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Catapyrenium spp.
Family: Verrucariaceae
Catapyrenium image
Othmar Breuss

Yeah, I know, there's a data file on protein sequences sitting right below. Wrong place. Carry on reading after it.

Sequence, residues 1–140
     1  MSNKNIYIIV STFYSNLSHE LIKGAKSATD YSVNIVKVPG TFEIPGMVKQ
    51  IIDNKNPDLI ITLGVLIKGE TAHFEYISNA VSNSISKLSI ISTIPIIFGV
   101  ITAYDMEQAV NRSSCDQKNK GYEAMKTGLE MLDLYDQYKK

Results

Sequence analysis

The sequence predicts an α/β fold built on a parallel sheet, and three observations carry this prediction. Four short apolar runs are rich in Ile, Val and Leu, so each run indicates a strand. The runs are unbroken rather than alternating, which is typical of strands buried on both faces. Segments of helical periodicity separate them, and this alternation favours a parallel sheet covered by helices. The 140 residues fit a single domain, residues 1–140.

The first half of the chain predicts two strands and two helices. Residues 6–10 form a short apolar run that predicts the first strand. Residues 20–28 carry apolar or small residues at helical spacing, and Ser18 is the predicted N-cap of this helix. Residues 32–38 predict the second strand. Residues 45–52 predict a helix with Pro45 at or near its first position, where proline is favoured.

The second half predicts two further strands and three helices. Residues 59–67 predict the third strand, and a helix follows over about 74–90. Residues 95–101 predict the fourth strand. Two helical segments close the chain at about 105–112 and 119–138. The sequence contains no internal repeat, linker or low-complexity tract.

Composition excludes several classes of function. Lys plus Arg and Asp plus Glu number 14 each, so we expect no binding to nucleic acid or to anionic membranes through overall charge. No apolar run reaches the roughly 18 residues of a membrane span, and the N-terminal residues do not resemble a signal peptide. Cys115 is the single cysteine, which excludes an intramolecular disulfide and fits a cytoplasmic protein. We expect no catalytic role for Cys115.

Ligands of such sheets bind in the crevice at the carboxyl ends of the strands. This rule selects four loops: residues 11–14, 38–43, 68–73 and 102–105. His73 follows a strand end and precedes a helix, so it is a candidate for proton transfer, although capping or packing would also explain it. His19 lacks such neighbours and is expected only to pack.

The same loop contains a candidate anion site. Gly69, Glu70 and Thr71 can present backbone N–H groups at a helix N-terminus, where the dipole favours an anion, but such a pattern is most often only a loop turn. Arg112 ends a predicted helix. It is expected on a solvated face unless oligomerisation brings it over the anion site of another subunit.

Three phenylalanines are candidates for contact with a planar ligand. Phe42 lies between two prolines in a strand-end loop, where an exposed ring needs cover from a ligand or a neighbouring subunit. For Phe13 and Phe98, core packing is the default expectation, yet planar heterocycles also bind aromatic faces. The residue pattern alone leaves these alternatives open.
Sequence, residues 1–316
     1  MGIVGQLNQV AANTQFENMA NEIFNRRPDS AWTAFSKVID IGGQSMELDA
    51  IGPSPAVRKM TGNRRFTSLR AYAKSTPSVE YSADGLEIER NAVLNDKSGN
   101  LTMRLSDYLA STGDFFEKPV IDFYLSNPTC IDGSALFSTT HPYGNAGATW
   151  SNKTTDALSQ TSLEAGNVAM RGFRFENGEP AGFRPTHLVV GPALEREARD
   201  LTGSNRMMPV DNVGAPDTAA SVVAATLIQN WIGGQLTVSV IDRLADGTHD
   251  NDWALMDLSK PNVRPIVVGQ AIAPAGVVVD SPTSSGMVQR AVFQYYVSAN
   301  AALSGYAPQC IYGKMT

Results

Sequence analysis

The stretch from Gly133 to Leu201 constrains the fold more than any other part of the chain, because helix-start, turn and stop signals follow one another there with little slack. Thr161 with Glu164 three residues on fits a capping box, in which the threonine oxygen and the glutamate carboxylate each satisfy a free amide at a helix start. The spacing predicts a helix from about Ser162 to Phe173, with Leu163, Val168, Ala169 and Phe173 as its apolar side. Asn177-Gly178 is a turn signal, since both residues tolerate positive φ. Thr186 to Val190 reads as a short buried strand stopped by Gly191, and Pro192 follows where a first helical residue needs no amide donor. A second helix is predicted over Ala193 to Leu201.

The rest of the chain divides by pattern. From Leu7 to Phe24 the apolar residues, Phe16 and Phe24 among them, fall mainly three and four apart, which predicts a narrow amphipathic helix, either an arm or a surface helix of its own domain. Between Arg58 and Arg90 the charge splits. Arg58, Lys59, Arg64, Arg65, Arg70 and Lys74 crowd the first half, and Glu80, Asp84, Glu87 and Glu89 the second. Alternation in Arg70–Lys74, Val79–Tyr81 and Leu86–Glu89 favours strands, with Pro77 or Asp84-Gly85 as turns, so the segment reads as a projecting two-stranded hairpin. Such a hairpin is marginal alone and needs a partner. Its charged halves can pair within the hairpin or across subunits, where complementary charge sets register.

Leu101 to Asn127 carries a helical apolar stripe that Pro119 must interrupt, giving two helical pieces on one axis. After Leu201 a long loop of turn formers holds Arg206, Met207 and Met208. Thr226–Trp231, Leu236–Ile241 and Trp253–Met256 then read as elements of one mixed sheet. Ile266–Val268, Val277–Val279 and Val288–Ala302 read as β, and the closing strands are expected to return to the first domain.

Life Habit: lichenized Thallus: squamulose, composed of irregularly arranged squamules or rosulate; attached by a rhizohyphal weft, tufts of rhizohyphae, rhizines, or basal ends of squamules squamules: dispersed, rounded, contiguous or imbricate, loosely or closely adnate; margins: sometimes ascending, lobed, and/or incised upper surface: brownish or greenish gray or brown, dull, smooth or minutely scabrose, often whitish pruinose; isidia and soredia: absent (but isidia-like lobules present in one species) upper cortex: paraplectenchymatous, thin (10-30 micro meter thick), composed of rounded-subangular cells 5-8 micro meter in diam., poorly delimited from algal layer, with or without an amorphous epinecral layer medulla: white, of intricately interwoven hyphae, filamentous or with many spherical cells to subparaplectenchymatous photobiont: primary one a chlorococcoid alga, secondary photobiont absent; algal cells: 5-12 micro meter in diam.; algal layer: usually 50-100 micro meter high, horizontally continuous, unevenly delimited above and below lower cortex: paraplectenchymatous or composed of more densely packed, globular medullary cells, or lacking; rhizohyphae (if present at all): colorless or brown lower surface: pale to black, bare or with loose to dense rhizohyphal weft, hyphal tufts or true rhizines Ascomata: perithecial, laminal, immersed, subglobose or broadly pyriform, without involucrellum; exciple: hyaline, brownish or brown-black; interascal filaments: absent; hymenial gel: amyloid (I+ orange-red or blue, always blue after pretreatment with K); ostiolar filaments (periphyses): present, simple or sparsely branched asci: clavate, thin-walled, wall non-amyloid, apically not or slightly thickened, without ocular chamber, 8-spored ascospores: biseriately arranged, ellipsoid, ovoid to clavate or subfusiform, simple, hyaline, thin-walled, smooth, without halo Conidiomata: pycnidial (known only from one species), immersed, of Dermatocarpon-type conidia: short cylindrical Secondary metabolites: none detected Geography: arid, semi-arid or arctic-alpine regions of the world and wherever arid microclimates are found Substrate: soil, detritus, mosses and bark.